Spiritual Living in a secular world

Ajith Fernando: Monarch Books (£6.99)

Preaching from the book of Daniel some years ago a hearer said that she hadn’t really thought of Daniel since being in Sunday School. She was seeing the book had a relevance for adult living too. Ajith’s book certainly shows us how relevant the book of Daniel is for us today.

I had the privilege of hearing Ajith preach from Daniel when some of the content of the book came even more alive. This book is a tremendous help to get us involved in our fallen world. It is practical, down to earth and realistic about the challenges but has a wealth of examples to help us from recent times and history. As national director for Youth for Christ in Sri Lanka, Ajith gives us a world perspective as he applies the scripture to our day.

A good read for any Christian, but also a help to leaders of Bible Studies and preachers. The questions at the end of each chapter can really stimulate thought and action in personal and corporate lives. He shows his Methodist roots by various references to the Wesleys. We do well to hear his comments on holy living and how we are church in the 21st century.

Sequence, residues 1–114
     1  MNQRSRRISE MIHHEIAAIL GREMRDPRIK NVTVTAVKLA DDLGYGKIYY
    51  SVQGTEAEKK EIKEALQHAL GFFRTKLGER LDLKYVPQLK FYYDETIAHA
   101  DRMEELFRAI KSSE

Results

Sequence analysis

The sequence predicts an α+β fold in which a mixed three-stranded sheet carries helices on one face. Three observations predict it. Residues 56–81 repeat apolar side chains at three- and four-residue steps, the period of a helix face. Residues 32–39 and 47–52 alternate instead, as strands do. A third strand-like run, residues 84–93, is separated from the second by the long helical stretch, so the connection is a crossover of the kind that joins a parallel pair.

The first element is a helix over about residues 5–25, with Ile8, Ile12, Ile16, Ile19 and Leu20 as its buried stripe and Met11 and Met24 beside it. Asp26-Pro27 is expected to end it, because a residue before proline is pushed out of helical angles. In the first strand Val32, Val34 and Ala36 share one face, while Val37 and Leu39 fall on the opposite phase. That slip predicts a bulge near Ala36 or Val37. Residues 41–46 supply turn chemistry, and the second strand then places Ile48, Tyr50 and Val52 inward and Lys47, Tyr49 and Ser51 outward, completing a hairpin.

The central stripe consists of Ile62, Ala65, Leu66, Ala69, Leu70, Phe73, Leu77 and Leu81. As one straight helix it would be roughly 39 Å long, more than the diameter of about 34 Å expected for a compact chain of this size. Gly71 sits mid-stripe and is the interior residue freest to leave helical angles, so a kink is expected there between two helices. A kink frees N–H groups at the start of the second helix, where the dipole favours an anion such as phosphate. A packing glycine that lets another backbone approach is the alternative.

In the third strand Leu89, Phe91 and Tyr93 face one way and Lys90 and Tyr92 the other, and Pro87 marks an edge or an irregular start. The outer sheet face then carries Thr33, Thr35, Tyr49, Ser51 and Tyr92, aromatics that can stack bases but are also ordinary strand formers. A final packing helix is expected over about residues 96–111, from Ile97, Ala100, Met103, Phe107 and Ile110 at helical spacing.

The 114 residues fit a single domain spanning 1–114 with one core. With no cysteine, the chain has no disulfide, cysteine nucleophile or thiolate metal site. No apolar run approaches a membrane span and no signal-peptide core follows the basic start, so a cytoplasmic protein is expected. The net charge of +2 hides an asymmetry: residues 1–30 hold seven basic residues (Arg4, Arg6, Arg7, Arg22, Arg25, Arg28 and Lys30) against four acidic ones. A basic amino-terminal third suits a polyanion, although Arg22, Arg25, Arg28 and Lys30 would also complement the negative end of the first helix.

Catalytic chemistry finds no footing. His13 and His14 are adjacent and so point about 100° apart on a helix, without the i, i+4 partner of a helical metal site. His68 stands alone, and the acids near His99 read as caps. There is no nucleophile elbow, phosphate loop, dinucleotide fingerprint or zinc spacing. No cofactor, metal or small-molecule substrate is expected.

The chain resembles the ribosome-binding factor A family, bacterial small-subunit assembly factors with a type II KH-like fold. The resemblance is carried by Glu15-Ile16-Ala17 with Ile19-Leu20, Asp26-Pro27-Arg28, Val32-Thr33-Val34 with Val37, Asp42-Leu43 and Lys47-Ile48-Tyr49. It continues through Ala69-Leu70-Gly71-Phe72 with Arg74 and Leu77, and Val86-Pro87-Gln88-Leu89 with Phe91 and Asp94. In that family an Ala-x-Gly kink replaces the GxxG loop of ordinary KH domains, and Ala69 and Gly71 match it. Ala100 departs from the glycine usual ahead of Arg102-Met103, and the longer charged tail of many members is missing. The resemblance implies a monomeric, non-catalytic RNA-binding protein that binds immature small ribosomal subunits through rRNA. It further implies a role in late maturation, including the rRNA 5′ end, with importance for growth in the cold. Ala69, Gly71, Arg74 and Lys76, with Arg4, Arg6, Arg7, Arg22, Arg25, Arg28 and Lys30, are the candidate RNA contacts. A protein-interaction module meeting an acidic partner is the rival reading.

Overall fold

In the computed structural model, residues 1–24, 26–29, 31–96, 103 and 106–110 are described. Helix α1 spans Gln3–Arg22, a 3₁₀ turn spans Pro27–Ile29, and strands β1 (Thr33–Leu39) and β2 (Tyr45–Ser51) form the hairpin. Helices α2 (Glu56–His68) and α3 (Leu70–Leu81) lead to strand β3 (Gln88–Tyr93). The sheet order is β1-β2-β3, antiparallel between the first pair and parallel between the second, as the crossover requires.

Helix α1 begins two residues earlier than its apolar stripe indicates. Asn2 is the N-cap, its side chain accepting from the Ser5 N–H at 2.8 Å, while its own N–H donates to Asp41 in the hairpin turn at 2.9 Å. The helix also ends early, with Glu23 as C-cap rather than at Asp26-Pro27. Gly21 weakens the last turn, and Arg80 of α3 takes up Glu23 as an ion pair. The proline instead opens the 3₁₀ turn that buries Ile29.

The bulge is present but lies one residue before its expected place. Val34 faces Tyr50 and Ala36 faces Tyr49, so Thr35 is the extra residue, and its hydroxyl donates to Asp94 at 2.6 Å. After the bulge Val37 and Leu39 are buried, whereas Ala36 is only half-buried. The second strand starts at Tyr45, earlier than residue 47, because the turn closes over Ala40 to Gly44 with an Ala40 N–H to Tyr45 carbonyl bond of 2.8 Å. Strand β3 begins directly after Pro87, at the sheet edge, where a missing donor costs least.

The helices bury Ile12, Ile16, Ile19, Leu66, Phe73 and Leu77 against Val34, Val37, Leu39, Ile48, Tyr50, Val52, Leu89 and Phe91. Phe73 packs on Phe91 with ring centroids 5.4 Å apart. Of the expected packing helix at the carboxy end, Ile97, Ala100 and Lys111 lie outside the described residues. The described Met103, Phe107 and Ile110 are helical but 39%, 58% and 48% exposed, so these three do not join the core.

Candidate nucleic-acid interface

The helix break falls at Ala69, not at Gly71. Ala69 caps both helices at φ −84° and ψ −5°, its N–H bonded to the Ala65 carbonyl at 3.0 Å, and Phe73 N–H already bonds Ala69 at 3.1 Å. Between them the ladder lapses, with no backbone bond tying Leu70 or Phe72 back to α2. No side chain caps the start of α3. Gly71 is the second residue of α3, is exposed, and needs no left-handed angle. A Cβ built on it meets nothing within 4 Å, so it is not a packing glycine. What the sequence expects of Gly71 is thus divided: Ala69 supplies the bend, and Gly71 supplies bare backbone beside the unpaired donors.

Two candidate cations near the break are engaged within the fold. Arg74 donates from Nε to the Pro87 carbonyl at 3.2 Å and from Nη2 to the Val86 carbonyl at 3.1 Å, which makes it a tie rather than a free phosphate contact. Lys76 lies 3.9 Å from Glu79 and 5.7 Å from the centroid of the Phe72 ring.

'When people get disillusioned with materialism and its broken promises and look elsewhere for meaning to life, what will they see when they look at the church? Will they see Christians caught up in the same rat race as the rest of society? Will they see us refusing to help others, because we are so wrapped up in ourselves? Will they see us putting others down as we climb to the top? Will they see us committing the same sins as they see in society: sexual immorality, greed, and the desire to put on a show of success? Will they see our churches so intent on attracting people with entertainment that we have stopped challenging them to moral purity? Will they see churches, just like in the competitive market place they are trying to escape from?'

Get the book, find Daniel come alive for you and let the Holy Spirit take you on a journey of effective discipleship.

Reviewed by Andrew Barker.

headline Summer 2003 p.22